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To the left, to the left
Let’s start out explaining what a shift register is, just in case it’s been a long time since you discussed it. A shift register has a clock, an input (usually one bit), and a parallel output (which can be between 4 and 64 bits). There are usually other niceties like master clear or set, a latch enable, chip enable, and others. When the clock is toggled, whatever is on the input will get put into the first bit position and all other will shift by one position. You can put whatever sequence of bits you want on the output by feeding them to the input one bit at a time, toggling the clock and then feeding the next bit.
In the good old days…
In engineering design labs of yore, a shift register would be constructed of a series of cascading D-Flip Flops. The output of one feeding the input of the next and all the clocks tied together. And that is a fine way of doing it but it is expensive, takes a great deal of space and is time consuming to set up. Not to mention that it does not have a buffer. A buffer you say? Well yes, if your output is always active then each line will move up and down as the bits go by before you get to the final bit configuration you want. And if your circuit is hard tied to that output, well it will respond accordingly which can have disastrous effects.
Imagine you have a 4-bit register tied to 4 solenoid valves and you currently have the output 1011 and you want to have 1100, that is turn off 0 and 1 and turn on 2. By shifting you will turn each of those on and off several times before you come to the configuration you want. That is usually very bad. If you have a buffer in between the shift register and your circuitry you can move the next output into place and then in one shot move the new output byte from the shift register to the circuit in one go. That is how modern shift registers work when you buy them as a chip.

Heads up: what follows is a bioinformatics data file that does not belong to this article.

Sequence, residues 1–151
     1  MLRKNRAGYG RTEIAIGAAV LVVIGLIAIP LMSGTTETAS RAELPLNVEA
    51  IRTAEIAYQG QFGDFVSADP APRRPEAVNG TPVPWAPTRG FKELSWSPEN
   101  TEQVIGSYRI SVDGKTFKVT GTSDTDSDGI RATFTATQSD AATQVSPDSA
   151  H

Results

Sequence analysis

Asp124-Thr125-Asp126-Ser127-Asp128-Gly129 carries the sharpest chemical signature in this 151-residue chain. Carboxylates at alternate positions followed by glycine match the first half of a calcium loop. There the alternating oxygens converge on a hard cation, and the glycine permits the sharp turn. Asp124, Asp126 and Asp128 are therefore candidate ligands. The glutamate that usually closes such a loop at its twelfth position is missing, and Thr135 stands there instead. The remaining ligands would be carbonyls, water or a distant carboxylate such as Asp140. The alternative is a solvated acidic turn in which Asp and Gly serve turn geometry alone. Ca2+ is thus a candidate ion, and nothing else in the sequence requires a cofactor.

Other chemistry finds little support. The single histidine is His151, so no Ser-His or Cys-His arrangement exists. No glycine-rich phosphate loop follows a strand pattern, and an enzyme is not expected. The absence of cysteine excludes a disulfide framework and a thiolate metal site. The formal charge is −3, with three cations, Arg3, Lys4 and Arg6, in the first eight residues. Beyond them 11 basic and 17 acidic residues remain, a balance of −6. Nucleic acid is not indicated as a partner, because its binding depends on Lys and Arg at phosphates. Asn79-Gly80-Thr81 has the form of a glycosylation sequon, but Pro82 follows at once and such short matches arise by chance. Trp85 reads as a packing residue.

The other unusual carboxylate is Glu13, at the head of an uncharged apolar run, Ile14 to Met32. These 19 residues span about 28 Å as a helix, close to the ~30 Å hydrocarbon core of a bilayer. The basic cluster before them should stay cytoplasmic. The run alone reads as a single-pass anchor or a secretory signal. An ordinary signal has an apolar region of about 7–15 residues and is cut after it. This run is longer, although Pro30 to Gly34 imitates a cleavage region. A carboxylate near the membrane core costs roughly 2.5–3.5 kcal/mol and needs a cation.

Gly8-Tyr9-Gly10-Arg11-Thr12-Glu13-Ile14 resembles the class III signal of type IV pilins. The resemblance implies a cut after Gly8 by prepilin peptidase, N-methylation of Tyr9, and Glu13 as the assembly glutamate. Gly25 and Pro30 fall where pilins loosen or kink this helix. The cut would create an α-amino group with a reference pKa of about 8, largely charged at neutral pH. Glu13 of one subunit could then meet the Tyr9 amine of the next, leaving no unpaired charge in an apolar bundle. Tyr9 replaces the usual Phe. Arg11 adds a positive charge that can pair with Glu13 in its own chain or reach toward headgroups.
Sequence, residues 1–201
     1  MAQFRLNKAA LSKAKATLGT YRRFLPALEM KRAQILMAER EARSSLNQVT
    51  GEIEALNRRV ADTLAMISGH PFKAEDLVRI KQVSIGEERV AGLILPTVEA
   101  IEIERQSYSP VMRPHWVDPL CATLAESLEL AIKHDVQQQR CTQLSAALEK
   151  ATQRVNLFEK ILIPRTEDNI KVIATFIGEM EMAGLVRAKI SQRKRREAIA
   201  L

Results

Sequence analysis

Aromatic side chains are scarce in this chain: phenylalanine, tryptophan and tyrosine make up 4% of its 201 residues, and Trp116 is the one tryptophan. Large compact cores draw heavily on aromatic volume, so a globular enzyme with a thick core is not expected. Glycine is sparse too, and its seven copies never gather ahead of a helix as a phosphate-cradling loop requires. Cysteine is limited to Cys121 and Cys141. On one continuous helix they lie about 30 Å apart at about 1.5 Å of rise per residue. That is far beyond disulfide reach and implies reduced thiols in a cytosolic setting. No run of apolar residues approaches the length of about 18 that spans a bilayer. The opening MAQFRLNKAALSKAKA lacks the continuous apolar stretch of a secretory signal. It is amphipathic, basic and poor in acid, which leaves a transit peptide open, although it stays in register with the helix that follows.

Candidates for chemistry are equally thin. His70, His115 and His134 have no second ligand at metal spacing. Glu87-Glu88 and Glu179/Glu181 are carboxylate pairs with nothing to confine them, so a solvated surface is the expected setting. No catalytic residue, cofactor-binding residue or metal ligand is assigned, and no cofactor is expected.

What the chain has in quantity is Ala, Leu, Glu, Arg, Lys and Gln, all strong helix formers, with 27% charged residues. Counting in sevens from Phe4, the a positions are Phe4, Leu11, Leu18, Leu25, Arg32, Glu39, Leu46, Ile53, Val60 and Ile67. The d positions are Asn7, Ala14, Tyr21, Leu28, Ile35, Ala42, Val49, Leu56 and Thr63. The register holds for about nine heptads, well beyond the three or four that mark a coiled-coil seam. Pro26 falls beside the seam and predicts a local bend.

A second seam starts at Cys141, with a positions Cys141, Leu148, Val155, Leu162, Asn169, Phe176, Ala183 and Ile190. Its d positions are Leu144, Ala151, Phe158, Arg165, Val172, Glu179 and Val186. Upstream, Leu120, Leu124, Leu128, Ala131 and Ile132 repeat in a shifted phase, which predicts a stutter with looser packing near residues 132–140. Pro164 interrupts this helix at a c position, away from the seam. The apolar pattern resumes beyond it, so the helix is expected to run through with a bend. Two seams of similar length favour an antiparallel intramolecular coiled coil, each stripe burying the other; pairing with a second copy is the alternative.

I mentioned above that some registers have a master set or reset. That is great, if your ground state is all on or all off. What if you have a ground state, safe condition or starting conditions, that has a complex on and off structure? Some registers have a parallel load option in addition to the serial load and the parallel output. Now if you want to go back to ground state all you do is load the parallel inputs to the output and you are done. The parallel inputs can be hard wired to power and ground so they are constant.
You are not forced to shift only in one direction. Some chips will have a direction selector that allows shifting to the right or to the left. You may also have a hold option that will keep the last setting even while the clock continues to toggle.
Outputs can be push-pull or open collector. You might even want them to go high impedance (tri-state). And who is to say if it should be a serial to parallel or a parallel to serialconnection? Well you are of course. They have those types as well.
Get one now, very low mileage
I feel a bit like a used car salesman today trying to sell you on the latest car on the lot. Truth is some people use shift registers a lot, others not at all. With the dropping price of powerful microcontrollers the need for logic gates has dropped off dramatically. It used to be that you would drop down a 555 timer to make a waveform, today you put a 25 cent MCU and write a little code. So why would we ever need a shift register? The last time I used one was because I had run out of GPIO pins on the MCU I was using. It did not make economic sense to get another one with more I/O so I converted enough of the outputs into a shift register and problem solved. It takes a bit more code, but for this application it made sense.
Is anyone out there
Aside from an obvious Pink Floyd reference I would like to know how many people are actually reading this in one form or another. I thought about putting something clearly incorrect and seeing how many people respond but I would rather a quick note letting me know the time I spend writing these weekly newsletters is useful to someone.
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